In the middle of a Moscow winter, there will be many who dream of California, the west coast American oblast which is run by The Terminator, and where whitecollar desk-jockeys in sweats generate electricity for the local grid by peddling exercise bikes in their lunch hour. But that is not all that happens California. Los Angeles also happens.
Bret Easton Ellis
Raymond Chandler once described the city as having “all the personality of a paper cup” and it would seem that Bret Easton Ellis feels much the same, despite the glitter, the sunshine and the slender, swaying palm trees, many of which are even taller than Naomi Campbell. And Mr Ellis should know: he has written two novels about the place.
The first of Mr Ellis’s books, called Less Than Zero, was published in 1985, when he was still a brattish college kid in temporary exile in Vermont. He returns to his home-town for a socially-dysfunctional Christmas. The first sentence sets the tone: “People are afraid to merge on freeways in Los Angeles.”
Two hundred pages later, the book ends without anyone having merged, on a freeway or anywhere else. They have passed in the night, exchanging bodyfluids, joints and occasionally blows. But they have never merged because they, like the author, are too self-centred to be able to establish genuinely interactive relationships with other items in the city’s human inventory.
How dull, you might think, especially while sitting in the land of Leo Tolstoy. But Mr Ellis’s books are not dull—that is the point. He has raised to a high pitch of art, the illustration of isolation. His stories do not really present a plot, except in very minimalist way. They are vehicles for the expression of a single self. All the characters in them are, at bottom, the same, or at least trying to be the same thing behind variations of wardrobe and lifestyle accessory. Complete freedom produces competitive conformity.
I mention Less Than Zero because the book under review, Imperial Bedrooms, published six months ago, revisits the same places, the same group of people and the same background cultural assumptions twenty-five years on. The powerful beams of self-absorption and narcissism are undimmed. Everyone is still projecting, preening and pooh-poohing all those who do not project so powerfully or preen so conscientiously. And still they do not merge. They have grown up without maturing.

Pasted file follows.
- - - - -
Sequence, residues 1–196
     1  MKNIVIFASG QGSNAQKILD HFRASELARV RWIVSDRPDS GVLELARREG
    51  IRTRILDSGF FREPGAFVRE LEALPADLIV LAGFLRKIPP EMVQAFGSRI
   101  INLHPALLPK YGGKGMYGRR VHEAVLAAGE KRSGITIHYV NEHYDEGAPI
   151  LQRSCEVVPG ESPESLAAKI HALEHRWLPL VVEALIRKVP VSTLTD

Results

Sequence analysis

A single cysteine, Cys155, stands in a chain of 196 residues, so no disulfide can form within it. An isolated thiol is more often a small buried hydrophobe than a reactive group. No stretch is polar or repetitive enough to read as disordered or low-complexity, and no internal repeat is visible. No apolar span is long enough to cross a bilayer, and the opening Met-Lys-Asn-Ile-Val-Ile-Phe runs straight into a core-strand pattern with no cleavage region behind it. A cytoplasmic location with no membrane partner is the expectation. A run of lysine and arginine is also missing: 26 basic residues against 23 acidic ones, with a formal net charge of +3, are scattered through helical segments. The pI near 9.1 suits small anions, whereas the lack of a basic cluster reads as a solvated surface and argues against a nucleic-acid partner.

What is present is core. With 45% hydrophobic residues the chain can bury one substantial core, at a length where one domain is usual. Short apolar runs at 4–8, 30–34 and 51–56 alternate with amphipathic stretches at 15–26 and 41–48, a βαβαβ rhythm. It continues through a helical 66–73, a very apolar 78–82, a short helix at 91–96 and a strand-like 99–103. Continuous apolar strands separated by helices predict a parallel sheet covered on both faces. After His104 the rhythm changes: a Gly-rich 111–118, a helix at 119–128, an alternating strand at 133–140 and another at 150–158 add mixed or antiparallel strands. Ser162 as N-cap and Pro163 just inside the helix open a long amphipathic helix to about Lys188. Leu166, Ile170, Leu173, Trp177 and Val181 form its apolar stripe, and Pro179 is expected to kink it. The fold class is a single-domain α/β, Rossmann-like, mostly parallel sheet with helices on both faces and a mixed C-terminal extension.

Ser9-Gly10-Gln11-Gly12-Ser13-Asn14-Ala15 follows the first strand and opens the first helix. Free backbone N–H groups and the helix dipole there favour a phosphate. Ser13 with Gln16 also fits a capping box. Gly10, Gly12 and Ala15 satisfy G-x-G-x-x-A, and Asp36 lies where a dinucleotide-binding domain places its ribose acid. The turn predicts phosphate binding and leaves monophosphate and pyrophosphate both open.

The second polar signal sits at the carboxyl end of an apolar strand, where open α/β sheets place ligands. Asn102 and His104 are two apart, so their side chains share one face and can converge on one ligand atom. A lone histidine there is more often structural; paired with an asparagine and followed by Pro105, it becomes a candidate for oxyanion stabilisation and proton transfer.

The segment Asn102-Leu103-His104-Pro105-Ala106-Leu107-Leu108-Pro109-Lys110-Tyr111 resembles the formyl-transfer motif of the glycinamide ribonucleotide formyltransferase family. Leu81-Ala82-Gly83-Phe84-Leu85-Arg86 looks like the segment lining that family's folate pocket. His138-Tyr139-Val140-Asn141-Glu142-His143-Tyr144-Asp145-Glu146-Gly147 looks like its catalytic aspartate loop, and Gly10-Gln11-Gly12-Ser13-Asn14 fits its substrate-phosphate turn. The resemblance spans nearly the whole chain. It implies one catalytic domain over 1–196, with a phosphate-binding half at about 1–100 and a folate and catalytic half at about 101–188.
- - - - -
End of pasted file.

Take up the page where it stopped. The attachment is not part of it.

In the intervening quarter of a century, Mr Ellis himself left college, got stoned several thousand times and published five books. One of them was, I thought, a dud; two were interesting; and two were brilliant. The first of the latter category was American Psycho, the book for which he is best known, and which, like Less Than Zero, was made into a very successful film.
Best of all was Glamorama, the book about the fashion/night-club world in New York. When I re-read it recently, I found myself thinking that it made Anna Karenina, which I was reading at the same time, seem lifeless by comparison. Granted, Tolstoy has a plot and a variety of interesting characters, whereas Bret Easton Ellis has little plot and really only one character: himself (again). But there is a vigour, a wit, a readability and a crispness of social observation that is far more entertaining than anything that the Sage of the Tulskaya oblast presents in his extended saga of social reportage.
In Anna Karenina people “merge”, demerge, change and realise things. They regularly think about other people. In Glamorama they are more likely to stop on the staircase in night-clubs they are designing and ask: “Is this cool or useless? I’m not sure.” Conversations fall apart: “A long, chilly silence none of us are able to fill floats around, acts cool, lives.” (emphasis in original) The author-narrator’s motto is: “The better you look, the more you see.” So when someone unbeautiful “acts like an idiot without trying”, he cuts him off by saying, “Oh sorry, my ass just yawned.”
The central theme of all Mr Ellis’s books is stated succinctly by the character in Glamorama who looks superciliously round the night-club the author-narrator has created and says: “I’m thinking, Jesus, the zeitgeist’s in limbo.”
Even the literary world is dismissed rather wittily. When a beautiful girl the narrator is trying to “merge” with while crossing the Atlantic on the QE2 is discovered sunning herself on deck, he eases himself down onto a towel beside her, “flexing my abs to get her attention”. Unusually, he notices something not connected with himself: “She’s reading a book with the words MARTIN AMIS in giant black letters on the cover and I’m hoping she’s not a member of Amnesty International.”
In order not to spoil the fun, I will say no more about Imperial Bedrooms than that, though quieter, it is an explicit continuation of all the above. The central theme is elliptically re-stated by the author-narrator, who is now a script-writer, and who repels the crowd at the after-party of a movie premier on Hollywood Boulevard with a neat reversal of a well-known cliché. Seeing the socially-greedy faces of unfamiliar people illuminated by the lights of their cell-phone screens as they preen and dream in the cavernous darkness, he declines to take verbal interchange into the unfamiliar territory of actual conversation. “I’ve been in New York the last four months is the mantra, my mask an expressionless smile.”